A supplier to a showroom is like food to a restaurant: without it, you simply can’t operate your business. Maintaining strong supplier relationships helps you command the most competitive prices and terms on best-selling products, which in turn makes it easier to satisfy your customers and increase sales.
For help with building strong supplier relationships in the bathroom fixture industry, follow these essential tips.
Conduct Supplier Research
When considering a new supplier, it’s important to brush up on all aspects of their products and business model. Strategic communications specialist Yuliya Dyrdyra points out that different types of suppliers command different considerations. A bathtub craftsman might offer unique designs, for example, while a franchise might have certain regulations regarding trademarks.
It’s also a good idea to think about the supplier’s position in the market. How might they be seeking to grow their business by showcasing their designs with you? Asking such questions also helps with alignment across the needs and goals of both parties.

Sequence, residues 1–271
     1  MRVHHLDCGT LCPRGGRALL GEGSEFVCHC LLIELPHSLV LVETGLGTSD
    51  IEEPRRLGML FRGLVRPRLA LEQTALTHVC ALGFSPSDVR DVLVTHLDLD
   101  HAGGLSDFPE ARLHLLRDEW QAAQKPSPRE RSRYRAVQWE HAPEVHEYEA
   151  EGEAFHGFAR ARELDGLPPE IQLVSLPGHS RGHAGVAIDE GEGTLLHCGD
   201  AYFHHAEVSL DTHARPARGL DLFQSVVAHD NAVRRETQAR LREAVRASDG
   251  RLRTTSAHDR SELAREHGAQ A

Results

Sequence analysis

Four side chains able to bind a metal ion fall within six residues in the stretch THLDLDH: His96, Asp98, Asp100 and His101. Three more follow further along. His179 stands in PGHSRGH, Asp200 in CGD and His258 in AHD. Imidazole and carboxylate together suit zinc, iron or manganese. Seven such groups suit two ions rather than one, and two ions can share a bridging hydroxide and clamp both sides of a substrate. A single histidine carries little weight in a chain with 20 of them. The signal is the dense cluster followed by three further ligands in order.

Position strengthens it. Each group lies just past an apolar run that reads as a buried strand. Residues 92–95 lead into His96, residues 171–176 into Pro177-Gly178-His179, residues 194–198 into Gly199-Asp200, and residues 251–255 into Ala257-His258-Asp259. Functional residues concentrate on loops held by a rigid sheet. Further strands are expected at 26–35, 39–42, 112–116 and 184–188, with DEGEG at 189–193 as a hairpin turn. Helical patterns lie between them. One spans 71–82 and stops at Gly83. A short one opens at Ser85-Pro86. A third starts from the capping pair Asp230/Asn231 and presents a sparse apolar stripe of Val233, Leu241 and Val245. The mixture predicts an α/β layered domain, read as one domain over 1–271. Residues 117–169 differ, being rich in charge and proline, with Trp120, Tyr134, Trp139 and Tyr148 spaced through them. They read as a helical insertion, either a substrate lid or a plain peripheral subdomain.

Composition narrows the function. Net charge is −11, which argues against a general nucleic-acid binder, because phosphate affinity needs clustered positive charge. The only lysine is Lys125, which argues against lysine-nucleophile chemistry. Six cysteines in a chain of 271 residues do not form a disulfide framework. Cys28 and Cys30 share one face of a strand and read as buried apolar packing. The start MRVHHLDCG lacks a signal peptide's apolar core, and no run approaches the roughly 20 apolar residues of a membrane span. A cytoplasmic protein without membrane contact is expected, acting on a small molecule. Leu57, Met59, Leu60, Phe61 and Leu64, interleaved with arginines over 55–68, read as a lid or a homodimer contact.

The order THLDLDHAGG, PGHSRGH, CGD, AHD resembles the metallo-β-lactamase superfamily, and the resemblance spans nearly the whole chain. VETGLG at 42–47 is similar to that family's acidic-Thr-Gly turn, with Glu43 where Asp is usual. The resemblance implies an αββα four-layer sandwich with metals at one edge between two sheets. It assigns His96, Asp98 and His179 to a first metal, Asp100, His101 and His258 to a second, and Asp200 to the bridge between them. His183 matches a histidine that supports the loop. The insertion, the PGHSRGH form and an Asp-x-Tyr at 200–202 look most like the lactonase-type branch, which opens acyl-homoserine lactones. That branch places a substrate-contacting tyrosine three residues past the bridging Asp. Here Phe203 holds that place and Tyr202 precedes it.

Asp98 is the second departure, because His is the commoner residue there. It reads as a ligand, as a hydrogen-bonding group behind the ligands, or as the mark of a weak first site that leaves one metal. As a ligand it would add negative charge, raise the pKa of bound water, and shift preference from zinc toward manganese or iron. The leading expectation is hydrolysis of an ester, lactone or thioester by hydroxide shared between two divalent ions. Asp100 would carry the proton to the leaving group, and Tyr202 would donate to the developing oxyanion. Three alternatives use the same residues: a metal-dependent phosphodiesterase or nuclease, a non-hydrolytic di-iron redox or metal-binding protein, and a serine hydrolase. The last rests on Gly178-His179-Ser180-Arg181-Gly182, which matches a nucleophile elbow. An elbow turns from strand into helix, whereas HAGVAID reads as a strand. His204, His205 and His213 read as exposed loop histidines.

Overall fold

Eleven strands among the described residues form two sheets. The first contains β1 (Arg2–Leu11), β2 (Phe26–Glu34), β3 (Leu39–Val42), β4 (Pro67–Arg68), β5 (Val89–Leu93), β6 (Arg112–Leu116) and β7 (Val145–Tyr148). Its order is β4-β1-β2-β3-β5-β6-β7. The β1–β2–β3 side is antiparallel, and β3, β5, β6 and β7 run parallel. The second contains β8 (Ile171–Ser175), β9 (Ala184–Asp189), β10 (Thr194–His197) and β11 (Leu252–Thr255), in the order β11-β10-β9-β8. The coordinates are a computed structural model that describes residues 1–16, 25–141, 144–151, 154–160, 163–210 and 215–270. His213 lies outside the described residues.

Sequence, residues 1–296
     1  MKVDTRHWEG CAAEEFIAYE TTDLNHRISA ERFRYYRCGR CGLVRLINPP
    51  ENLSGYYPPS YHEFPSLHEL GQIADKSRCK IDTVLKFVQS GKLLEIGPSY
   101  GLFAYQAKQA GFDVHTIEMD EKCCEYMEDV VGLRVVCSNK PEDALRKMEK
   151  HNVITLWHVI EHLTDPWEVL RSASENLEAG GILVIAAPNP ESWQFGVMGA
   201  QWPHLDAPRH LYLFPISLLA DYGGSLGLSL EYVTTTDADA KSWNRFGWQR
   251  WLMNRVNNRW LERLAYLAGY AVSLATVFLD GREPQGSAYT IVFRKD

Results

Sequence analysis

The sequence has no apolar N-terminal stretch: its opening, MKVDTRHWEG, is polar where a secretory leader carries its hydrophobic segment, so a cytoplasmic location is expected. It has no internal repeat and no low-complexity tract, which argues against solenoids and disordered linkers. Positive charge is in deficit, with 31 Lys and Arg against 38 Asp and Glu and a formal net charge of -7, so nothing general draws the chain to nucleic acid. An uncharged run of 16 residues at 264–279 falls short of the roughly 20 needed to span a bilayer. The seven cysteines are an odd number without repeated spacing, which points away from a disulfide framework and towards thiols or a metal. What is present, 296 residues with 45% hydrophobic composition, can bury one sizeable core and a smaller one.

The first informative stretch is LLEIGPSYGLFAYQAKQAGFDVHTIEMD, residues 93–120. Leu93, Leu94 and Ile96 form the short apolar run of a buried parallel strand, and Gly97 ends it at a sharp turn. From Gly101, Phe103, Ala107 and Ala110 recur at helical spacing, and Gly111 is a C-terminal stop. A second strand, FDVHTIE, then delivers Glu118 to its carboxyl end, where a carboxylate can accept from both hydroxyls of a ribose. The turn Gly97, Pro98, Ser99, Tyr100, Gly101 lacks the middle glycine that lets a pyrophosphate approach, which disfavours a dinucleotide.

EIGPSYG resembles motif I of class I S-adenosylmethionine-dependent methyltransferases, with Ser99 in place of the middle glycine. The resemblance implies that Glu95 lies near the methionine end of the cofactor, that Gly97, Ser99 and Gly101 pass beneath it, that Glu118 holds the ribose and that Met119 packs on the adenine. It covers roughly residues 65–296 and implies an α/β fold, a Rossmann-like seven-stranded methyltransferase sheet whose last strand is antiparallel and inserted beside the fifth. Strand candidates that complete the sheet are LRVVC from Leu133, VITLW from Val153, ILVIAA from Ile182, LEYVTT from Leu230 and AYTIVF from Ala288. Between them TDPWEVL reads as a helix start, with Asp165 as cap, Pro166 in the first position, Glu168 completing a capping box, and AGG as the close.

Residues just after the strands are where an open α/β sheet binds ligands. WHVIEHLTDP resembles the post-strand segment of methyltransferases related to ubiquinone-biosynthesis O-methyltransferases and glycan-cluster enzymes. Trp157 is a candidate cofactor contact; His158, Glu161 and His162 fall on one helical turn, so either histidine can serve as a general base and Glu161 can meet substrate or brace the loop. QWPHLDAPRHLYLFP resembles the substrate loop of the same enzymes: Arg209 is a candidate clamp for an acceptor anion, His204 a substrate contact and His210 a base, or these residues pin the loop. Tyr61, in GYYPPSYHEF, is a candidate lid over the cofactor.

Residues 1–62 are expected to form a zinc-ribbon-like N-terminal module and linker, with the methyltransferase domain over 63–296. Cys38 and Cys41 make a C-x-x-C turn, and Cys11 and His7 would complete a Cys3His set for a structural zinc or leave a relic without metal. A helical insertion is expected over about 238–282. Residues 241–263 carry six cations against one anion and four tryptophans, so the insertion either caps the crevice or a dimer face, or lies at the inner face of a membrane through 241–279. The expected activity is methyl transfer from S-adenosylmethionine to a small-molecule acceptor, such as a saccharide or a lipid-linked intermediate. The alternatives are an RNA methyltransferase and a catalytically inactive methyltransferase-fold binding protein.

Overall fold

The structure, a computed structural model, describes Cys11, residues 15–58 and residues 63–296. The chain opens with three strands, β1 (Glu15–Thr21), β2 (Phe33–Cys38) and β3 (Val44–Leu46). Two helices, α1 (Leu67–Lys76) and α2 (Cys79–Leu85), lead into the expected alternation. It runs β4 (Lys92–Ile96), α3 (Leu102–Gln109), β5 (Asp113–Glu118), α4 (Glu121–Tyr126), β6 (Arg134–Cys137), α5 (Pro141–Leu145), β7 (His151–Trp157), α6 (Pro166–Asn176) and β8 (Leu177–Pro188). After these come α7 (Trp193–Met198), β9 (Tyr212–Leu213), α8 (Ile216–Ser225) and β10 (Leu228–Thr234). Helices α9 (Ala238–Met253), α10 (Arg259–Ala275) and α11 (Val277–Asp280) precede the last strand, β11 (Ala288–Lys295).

Rice Insurance broker Chris Webb says that alignment is key to strong supplier relationships. It’s also important that you have an understanding of your supplier’s marketing, product development and purchasing teams. This will help ensure a clear, common goal that you can do your best to further and support.
Asking questions early on in the discovery phase can also help you determine how your supplier finds value in you. Since suppliers have many customers and multiple relationships to maintain, knowing what your supplier expects of you can keep everyone on the same page, writes ecommerce expert Armando Roggio at Practical Ecommerce. From documentation to signed contracts, preparing the right information and delivering it in the proper format can get your supplier relationship off to a great start.
Establish Two-Way Communication
Strong communication is the foundation for any type of relationship. To help both parties feel open about discussing conflict, feedback and successes, you might try establishing a designated method for communication. According to Paul Noël, chief customer officer at Ivalua, having the right tools in place allows both internal and external teams to share documents, exchange information, and facilitate even-sided conversations.